- Jared Kushner, Trump’s senior advisor and son-in-law, said that the federal stockpile was not intended to be used by states at a coronavirus briefing Thursday night.
- Many were quick to point out that the U.S. Department of Health and Human Services described the stockpile as one to be allocated to states when in need, contradicting Kushner’s remarks.
- The language describing the stockpile was later changed on the Health Department’s site, deemphasizing the federal government’s role in giving resources to states.
- Kushner was criticized by many who also slammed his lack of government experience.
Jared Kushner drew swift criticism after he took the stage at the White House’s daily coronavirus briefing on Thursday night and said the federal stockpile wasn’t meant for distribution among states.
It was the first time President Donald Trump’s senior advisor and son-in-law spoke at one of these briefings. Vice President Mike Pence introduced him as “someone that the white house coronavirus task force directed to work with FEMA on supply chain issues.”
“We’re grateful for his efforts and his leadership,” Pence said.
When Kushner first stepped up to the podium, he praised the efforts that his team has been making to track down supplies. The 39-year-old kept repeatedly emphasizing the importance of data — the “real data from the cities, from the states, [so] that we can make real time allocation decisions based on the data.”
Kushner seemed to suggest that local officials should be more diligent about finding resources in their own states before turning to the federal government for help.
“The notion of the federal stockpile is it’s supposed to be our stockpile,” Kushner said. “It’s not supposed to be states’ stockpile that they then use.”
He then addressed the criticism that the federal government has received from state officials about not providing enough resources, a criticism Trump has been defensive about.
“So I would just encourage you, when you have governors saying that the federal government hasn’t given them what you need, I would just urge you to ask them, ‘well have you looked within your state to make sure that you haven’t been able to find the resources?’” Kushner said.
Stockpile Description Changed
Many were quick to note that Kushner’s comments did not line up with the U.S. Department of Health and Human Services’ description of the national stockpile.
“Strategic National Stockpile is the nation’s largest supply of life-saving pharmaceuticals and medical supplies for use in a public health emergency severe enough to cause local supplies to run out,” the website read.
“When state, local, tribal, and territorial responders request federal assistance to support their response efforts, the stockpile ensures that the right medicines and supplies get to those who need them most during an emergency,” it initially said.
But following Kushner’s remarks on Thursday evening, the language on the site was changed to downplay the federal government’s role in giving resources to states.
“The Strategic National Stockpile’s role is to supplement state and local supplies during public health emergencies,” the description now says, noting that many states have their own stockpiles as well.
“The supplies, medicines, and devices for life-saving care contained in the stockpile can be used as a short-term stopgap buffer when the immediate supply of adequate amounts of these materials may not be immediately available,” it says.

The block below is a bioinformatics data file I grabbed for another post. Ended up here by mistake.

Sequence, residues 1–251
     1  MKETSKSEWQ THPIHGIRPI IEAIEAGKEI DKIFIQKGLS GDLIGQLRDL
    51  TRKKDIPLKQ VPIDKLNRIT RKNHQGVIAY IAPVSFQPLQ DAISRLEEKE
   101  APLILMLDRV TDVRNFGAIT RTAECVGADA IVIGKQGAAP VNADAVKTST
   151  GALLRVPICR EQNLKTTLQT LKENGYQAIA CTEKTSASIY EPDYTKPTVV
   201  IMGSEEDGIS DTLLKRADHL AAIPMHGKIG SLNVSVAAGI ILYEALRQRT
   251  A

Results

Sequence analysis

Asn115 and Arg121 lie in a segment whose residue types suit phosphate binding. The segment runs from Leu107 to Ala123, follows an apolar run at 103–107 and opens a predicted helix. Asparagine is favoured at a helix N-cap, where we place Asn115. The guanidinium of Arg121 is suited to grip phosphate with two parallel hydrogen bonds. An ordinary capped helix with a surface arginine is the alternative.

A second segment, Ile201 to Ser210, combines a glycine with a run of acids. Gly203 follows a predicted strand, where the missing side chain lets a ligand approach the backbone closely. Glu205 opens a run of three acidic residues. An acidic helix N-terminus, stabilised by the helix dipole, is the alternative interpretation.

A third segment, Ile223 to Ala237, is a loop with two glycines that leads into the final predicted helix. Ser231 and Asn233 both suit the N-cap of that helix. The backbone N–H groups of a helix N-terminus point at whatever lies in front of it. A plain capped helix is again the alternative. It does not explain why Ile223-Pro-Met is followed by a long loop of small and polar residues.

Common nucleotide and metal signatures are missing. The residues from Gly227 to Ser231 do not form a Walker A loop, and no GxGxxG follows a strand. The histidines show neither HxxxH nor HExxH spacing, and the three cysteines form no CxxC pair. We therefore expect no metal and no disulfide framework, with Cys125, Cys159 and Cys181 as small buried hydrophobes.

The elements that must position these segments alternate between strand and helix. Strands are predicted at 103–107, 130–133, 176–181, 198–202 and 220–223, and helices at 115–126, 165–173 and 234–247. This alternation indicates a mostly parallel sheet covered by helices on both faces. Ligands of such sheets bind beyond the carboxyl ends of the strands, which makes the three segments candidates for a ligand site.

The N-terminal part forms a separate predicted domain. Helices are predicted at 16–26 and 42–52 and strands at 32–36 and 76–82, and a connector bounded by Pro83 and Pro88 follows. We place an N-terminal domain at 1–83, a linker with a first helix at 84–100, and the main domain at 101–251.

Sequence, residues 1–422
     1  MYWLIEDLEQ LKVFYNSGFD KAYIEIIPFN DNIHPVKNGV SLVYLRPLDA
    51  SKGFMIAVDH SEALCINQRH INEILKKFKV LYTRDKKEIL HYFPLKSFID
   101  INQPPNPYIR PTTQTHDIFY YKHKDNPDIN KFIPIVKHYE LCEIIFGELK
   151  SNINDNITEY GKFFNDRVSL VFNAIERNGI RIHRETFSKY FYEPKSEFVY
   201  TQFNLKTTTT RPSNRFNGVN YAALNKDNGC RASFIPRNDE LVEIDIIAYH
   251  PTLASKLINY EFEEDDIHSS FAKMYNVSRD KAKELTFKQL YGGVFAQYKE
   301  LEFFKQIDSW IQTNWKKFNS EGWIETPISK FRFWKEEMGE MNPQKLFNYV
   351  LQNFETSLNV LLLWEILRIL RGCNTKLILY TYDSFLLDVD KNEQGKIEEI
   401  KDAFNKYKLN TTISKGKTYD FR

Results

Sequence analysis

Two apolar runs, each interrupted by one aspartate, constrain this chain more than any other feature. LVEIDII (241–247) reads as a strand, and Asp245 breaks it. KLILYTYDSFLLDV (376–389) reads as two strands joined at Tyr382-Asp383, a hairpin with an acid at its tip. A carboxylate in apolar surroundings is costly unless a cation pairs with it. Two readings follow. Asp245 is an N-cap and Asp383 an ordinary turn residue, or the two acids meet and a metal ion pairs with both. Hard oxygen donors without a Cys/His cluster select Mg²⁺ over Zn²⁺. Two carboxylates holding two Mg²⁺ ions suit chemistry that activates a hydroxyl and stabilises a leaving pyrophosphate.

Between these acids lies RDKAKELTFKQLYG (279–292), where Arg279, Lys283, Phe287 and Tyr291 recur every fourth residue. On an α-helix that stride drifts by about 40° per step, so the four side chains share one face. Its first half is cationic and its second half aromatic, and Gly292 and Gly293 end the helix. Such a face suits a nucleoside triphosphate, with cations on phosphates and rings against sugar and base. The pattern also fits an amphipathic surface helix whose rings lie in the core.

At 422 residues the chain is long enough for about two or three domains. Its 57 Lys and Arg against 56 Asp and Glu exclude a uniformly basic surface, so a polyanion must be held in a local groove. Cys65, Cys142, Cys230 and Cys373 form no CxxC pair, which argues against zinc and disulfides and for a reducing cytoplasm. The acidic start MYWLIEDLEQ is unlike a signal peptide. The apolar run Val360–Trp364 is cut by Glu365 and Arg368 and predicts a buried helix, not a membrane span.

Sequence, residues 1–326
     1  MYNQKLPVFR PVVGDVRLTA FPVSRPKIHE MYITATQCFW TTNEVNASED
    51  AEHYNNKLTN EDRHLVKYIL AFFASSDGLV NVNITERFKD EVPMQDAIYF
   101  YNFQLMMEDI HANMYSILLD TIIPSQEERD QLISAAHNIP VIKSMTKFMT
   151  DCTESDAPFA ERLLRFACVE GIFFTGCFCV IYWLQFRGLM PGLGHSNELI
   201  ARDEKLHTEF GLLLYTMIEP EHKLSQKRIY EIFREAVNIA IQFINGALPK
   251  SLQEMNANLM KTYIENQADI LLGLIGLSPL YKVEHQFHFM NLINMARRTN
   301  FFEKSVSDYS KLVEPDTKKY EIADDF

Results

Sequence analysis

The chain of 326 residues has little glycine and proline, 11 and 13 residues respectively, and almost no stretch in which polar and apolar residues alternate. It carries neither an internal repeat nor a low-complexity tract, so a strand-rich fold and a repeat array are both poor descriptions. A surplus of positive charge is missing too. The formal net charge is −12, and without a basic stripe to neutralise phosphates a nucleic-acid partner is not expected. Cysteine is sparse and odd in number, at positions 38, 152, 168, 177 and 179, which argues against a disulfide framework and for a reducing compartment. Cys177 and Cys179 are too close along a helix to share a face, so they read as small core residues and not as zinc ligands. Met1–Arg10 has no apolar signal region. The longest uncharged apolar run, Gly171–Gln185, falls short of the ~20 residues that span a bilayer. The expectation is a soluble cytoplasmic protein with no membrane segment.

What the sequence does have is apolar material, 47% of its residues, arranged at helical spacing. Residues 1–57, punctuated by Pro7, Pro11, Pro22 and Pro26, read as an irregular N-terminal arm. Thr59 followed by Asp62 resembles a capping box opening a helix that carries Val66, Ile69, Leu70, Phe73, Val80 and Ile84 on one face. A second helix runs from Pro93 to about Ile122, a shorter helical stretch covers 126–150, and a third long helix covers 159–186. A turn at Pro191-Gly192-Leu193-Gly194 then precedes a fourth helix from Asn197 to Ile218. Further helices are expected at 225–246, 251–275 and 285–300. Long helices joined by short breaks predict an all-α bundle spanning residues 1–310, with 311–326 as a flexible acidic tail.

Backlash for Kushner
Many were swift to slam Kushner for his comments about the stockpile not being intended for states’ use.
“Who the hell does the nepotist think ‘our’ refers to? It is for the American people . . . as the federal government’s OWN strategic national stockpile website assures us!” Former White House ethics director Walter Shaub wrote on Twitter.
“Dear Jared Kushner of the @realDonaldTrump Administration: We are the UNITED STATES of America. The federal stockpile is reserved for all Americans living in our states, not just federal employees. Get it?” Rep. Ted Lieu said.
Others pointed to Kushner’s background as a real estate developer and newspaper publisher, with no government experience prior to his father-in-law’s 2016 election.
“Kushner has succeeded at exactly three things in his life,” New York Times columnist Michelle Goldberg wrote in an op-ed piece. “He was born to the right parents, married well and learned how to influence his father-in-law. Most of his other endeavors — his biggest real estate deal, his foray into newspaper ownership, his attempt to broker a peace deal between the Israelis and the Palestinians — have been failures.”
More criticisms of Kushner’s lack of qualifications were thrown across social media.
“Can anyone tell me what Jared Kushner’s qualifications are besides being a white man?” one person asked.
Need for Medical Supplies Continues
Despite what Kushner says, leaders are still expressing their desperation for adequate medical supplies as the coronavirus continues to wreak havoc across the country.
On Thursday night, Cory Gardner of Colorado, a Republican senator, was sending a letter saying he expected the federal stockpile to be available for states to use.
“The Pandemic and All-Hazards Preparedness Act (PAHPA) … includes clear expectations to ensure that the Department of Health and Human Services’ SNS procurement and maintenance decisions support the federal government’s ability to support states and localities in a public health emergency,” Gardner wrote.
“The SNS is a critical resource for states facing grave public health emergencies, and we must take every step to make sure that there is a robust supply of working medical supplies and equipment on hand,” Gardner added.
New York Mayor Bill de Blasio requested more medical personnel and supplies in an interview with CNN on Friday morning.
“We can only get to Monday or Tuesday at this point. We don’t know after that. How on earth is this happening in the greatest nation in the world?” de Blasio said.